>>> 
>>> >
>>> > Features like multipart ranges are extremely difficult to
>>> > support on the server.
>>> >
>>> 
>>> You're preaching to the choir. Granted I've been ranching for the past
>>> decade, but before that I was a web developer since 1994 and have
>>> coded many a webserver. The fundamentals to which I adhere, have not
>>> changed over time. Makes me salty, but if you know where to find any
>>> of my old work on archive.org the takeaway should be that it all still
>>> functions on the latest browsers. Except the browser-native XSLT stuff.
>>> 
>>> >
>>> > That being said, we can revisit this decision if the work group
>>> provides a different perspective.
>>> >
>>> 
>>> All about consensus and working code. I'd love to link you to a
>>> rest-discuss thread about my PUT/PATCH demo, I had a
>>> deliberately-broken example image that responded 206 online for years,
>>> back in the aughties; archive.org serves it 200 tho. If you ever
>>> *really* tried it you were using curl. It helped me grok/explain
>>> resource v representation. The broken representation of one resource
>>> (a Mona Lisa icon), was itself a first-class, read-only resource.
>>> 
>>> Most browsers rendered the incomplete image, some displayed their
>>> broken-image icon, none choked on the 206. The same representation was
>>> available from a PUT/PATCH-enabled, access-restricted URI (allowing it
>>> to be fixed, one way or another, without affecting the other URI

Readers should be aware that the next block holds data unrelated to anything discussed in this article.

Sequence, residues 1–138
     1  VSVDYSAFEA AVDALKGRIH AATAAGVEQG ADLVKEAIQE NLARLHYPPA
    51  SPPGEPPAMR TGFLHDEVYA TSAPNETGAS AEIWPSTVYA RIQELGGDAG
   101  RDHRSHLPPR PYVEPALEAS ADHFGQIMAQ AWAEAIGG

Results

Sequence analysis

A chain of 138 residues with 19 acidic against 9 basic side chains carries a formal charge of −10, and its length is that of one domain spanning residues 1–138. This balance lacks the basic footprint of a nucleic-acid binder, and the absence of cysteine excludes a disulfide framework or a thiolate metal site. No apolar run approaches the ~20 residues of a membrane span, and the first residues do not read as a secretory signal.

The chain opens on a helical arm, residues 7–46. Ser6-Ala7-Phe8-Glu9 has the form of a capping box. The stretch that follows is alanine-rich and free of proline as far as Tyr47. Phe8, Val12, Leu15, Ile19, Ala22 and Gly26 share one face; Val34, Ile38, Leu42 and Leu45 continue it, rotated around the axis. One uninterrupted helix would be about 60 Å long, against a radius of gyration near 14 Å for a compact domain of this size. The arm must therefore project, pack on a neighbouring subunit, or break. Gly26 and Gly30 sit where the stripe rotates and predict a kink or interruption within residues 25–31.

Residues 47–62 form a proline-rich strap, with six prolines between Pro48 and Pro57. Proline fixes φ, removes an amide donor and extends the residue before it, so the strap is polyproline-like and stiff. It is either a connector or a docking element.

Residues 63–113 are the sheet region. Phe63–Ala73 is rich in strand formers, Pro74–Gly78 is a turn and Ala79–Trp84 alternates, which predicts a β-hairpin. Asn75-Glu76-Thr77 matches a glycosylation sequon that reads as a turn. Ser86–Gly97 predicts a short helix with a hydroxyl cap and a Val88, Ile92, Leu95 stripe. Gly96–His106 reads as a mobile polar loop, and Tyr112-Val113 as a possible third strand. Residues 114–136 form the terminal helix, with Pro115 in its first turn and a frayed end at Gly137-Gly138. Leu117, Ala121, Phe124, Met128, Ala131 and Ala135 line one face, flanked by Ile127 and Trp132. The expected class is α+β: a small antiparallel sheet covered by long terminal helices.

>>> dedicated to the broken variant), and the discussion was about how
>>> PATCH increases in value the larger the file. ARF vs. ARCF, C = Continue.
>>> 
>>> At some point you've transferred more of the file than you're willing
>>> to Retry and overwrite, vs. Continue appending. I guess if you want
>>> you can introduce 1xx responses into the mix there, but I'm not seeing
>>> it as necessary.
>> 
>> Thanks, I will look it up.
>>> 
>>> >
>>> > Overall, we believe that a tightly-scoped standard would benefit
>>> > implementors and encourage wide adoption.
>>> >
>>> 
>>> All due respect, I'm seeing a tightly-coupled solution to the ages-old
>>> partial-PUT problem, which does not falsify using a 206 response to a
>>> non-range request to unambiguously communicate the state of the
>>> resource as "incomplete" where Content-Length gives the exact byte
>>> where the transfer was interrupted. IMHO, a loosely-coupled approach
>>> is better for encouraging wide adoption, under the standard as written.
>>> 
>>> -Eric
>>> 
>> The recent trend has shifted to define standards with no ambiguity and
>> with strict requirements for implementations, as people recognize that
>> unplanned extensibility makes interop much more difficult. HTTP/3
>> standard is a good example of that philosophy, whereas if you give the
>> PATCH RFC5789 to 100 people to implement, they will end up with 100
>> incompatible protocols.
>> ...
> 
> Could you elaborate a bit?

Oh, it was just an offhand comment on how vague the PATCH standard is, as a response to an earlier comment in the thread:

>>> Client now knows how to PATCH the resource.

I was exaggerating a bit, but I have no idea how to PATCH a resource after reading RFC5789, it just introduces a general concept and leaves nearly everything open to implementations. That’s why I believe we need further standards for any concrete use.

Guoye
> 
>> ...
> 
> Best regards, Julian


Received on Tuesday, 5 April 2022 19:23:03 UTC